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What Is a Rondalla?

Niki Acker
By
Updated May 23, 2024
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A rondalla is an ensemble of stringed instruments that are played with a plectrum or pick. They originated in Spain but became most popular in Philippine folk music after their introduction to the islands during the 19th century. Philippine instruments are made of native wood and played with a tortoise-shell plectrum.

The word "rondalla" is from the Spanish ronda, meaning "serenade." The core instruments of Spanish ensembles are the guitar, the mandolin, and the lute. Rondallas usually are accompanied by at least one singer and sometimes by percussionists playing handheld instruments. Though ensembles of stringed instruments have existed in some form in Spain since at least the 16th century, this form dates from the early 19th century, and it soon thereafter traveled to the Philippines, which was a Spanish colony at the time.

In the Philippines

Early Philippine rondallas played Western European songs, mostly operatic arias and symphonic overtures. Although they still play such songs, the repertoire has become much more diverse. Modern ensembles might play more contemporary music, such as show tunes and Latin American dance music, in addition to Philippine folk songs and European classical music. It is a socially important form of folk art seen at community events such as weddings and fiestas.

The Instruments

The major Philippine rondalla instruments are the banduria, the guitar, the octavina, the laud, and the bass guitar or double bass. The banduria is the central instrument of the ensemble and, along with the octavina and laud, is unique to the Philippines. The guitar and double bass each have six strings, but the other instruments have 14 strings grouped into six tuning units to produce a richer sound.

Eight-piece Philippine ensembles typically have four bandurias, one guitar, an octavina, a laud and a double bass. Many groups are quite large, with 30 or 40 members, especially for important social events. A 30-piece ensemble usually has 16 bandurias, three piccolo bandurias, three guitars, three octavinas, three lauds and two double basses. Of course, the number and type of percussion instruments can vary for any size of rondalla.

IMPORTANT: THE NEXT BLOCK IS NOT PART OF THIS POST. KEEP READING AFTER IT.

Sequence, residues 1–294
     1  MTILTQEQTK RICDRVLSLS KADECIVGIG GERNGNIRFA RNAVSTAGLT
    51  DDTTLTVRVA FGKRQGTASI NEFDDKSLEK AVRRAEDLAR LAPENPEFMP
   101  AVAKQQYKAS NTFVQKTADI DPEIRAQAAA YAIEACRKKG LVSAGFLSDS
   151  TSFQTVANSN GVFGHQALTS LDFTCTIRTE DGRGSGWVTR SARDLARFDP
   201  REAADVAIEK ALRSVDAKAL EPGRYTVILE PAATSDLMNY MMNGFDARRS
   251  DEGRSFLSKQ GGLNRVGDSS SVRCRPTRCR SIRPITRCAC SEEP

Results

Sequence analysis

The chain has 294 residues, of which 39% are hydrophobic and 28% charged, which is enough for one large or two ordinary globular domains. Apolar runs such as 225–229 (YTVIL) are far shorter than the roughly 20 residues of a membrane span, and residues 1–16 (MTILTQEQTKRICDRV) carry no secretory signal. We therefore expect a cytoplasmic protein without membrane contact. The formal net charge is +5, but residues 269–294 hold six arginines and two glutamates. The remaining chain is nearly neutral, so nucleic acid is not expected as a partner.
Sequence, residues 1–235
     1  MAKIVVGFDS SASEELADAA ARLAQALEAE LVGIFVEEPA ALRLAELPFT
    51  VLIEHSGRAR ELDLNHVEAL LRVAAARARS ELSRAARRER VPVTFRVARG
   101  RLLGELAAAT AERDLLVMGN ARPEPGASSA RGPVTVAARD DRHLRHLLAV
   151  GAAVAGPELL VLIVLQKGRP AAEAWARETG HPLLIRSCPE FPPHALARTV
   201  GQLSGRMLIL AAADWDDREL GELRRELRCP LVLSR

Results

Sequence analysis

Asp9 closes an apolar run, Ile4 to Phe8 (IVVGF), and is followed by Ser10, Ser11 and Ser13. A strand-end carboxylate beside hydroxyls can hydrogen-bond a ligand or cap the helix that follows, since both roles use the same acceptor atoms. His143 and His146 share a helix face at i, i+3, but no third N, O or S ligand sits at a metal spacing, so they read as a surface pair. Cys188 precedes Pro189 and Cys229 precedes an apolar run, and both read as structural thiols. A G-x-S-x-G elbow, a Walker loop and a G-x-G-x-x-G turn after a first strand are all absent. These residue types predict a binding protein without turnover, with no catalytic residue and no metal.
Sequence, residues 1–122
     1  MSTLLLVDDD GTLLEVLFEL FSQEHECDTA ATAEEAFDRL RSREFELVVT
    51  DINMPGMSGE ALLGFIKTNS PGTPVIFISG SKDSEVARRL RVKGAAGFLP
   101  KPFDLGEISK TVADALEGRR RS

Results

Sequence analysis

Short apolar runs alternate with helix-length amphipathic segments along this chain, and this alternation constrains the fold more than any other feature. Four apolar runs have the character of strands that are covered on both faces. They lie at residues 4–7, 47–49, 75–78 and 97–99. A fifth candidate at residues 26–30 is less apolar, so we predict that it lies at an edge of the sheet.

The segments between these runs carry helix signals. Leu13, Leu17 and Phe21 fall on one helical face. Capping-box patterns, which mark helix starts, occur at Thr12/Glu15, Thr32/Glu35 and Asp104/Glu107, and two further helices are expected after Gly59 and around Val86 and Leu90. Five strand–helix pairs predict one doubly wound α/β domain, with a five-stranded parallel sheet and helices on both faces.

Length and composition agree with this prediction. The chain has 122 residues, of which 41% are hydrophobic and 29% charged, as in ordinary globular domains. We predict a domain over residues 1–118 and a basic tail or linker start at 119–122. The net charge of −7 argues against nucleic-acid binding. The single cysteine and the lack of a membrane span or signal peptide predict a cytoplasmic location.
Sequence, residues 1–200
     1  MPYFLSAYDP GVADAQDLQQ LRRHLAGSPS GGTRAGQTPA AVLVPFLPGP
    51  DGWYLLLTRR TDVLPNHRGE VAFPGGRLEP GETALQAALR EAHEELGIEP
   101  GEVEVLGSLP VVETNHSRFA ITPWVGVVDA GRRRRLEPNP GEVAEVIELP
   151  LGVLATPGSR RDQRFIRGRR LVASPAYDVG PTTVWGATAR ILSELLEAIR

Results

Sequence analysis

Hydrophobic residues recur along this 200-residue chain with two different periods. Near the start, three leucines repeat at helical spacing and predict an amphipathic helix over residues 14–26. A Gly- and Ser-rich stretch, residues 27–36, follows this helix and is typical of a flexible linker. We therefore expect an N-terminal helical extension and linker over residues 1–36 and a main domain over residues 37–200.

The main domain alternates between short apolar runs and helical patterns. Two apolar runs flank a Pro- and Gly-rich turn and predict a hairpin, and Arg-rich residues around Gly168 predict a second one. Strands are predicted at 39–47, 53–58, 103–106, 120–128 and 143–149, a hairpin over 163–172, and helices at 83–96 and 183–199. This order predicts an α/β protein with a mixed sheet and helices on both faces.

Popularity through the Years

During the 1960s, rondallas were extremely popular in the Philippines, and they regularly competed with each other on television and radio programs. The bands received funding from schools, government officials and business moguls, all of whom tried to have the best ensemble. The popularity of these groups in the Philippines has waned somewhat in the late 20th and early 21st century, but groups based in other countries, including the United States and Japan, help keep the tradition alive.

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Niki Acker
By Niki Acker , Writer
"In addition to her role as a Musical Expert editor, Niki Foster is passionate about educating herself on a wide range of interesting and unusual topics to gather ideas for her own articles. A graduate of UCLA with a double major in Linguistics and Anthropology, Niki's diverse academic background and curiosity make her well-suited to create engaging content for WiseGeekreaders. "

Discussion Comments

By anon110391 — On Sep 11, 2010

Rondallas have a spanish origin. these musical groups are spread all through latin america. The Philippine islands have a tradition of these groups thanks to spanish occupation.

By chrisinbama — On Jul 26, 2010

@snowywinter: I have also heard of another origin of the rondalla. It has been said that it was a musical group playing rondalla songs and that it was called comparza.

Another version of the origin is that it was a typical music group who played around the universities in Spain. They played mandolins, violins, guitars, flutes, cellos, basses, tambourines, castanets, and triangles.

By SnowyWinter — On Jul 26, 2010

Rondalla music is a huge and distinct contribution to the musical culture of our nation. The origin of the rondalla is questionable.

One version is that in the beginning, there was a group of young men who went in front of houses regularly to play and sing.

Another version is that it was a group of musicians who were begging for alms.

Niki Acker

Niki Acker

Writer

"In addition to her role as a Musical Expert editor, Niki Foster is passionate about educating herself on a wide range...
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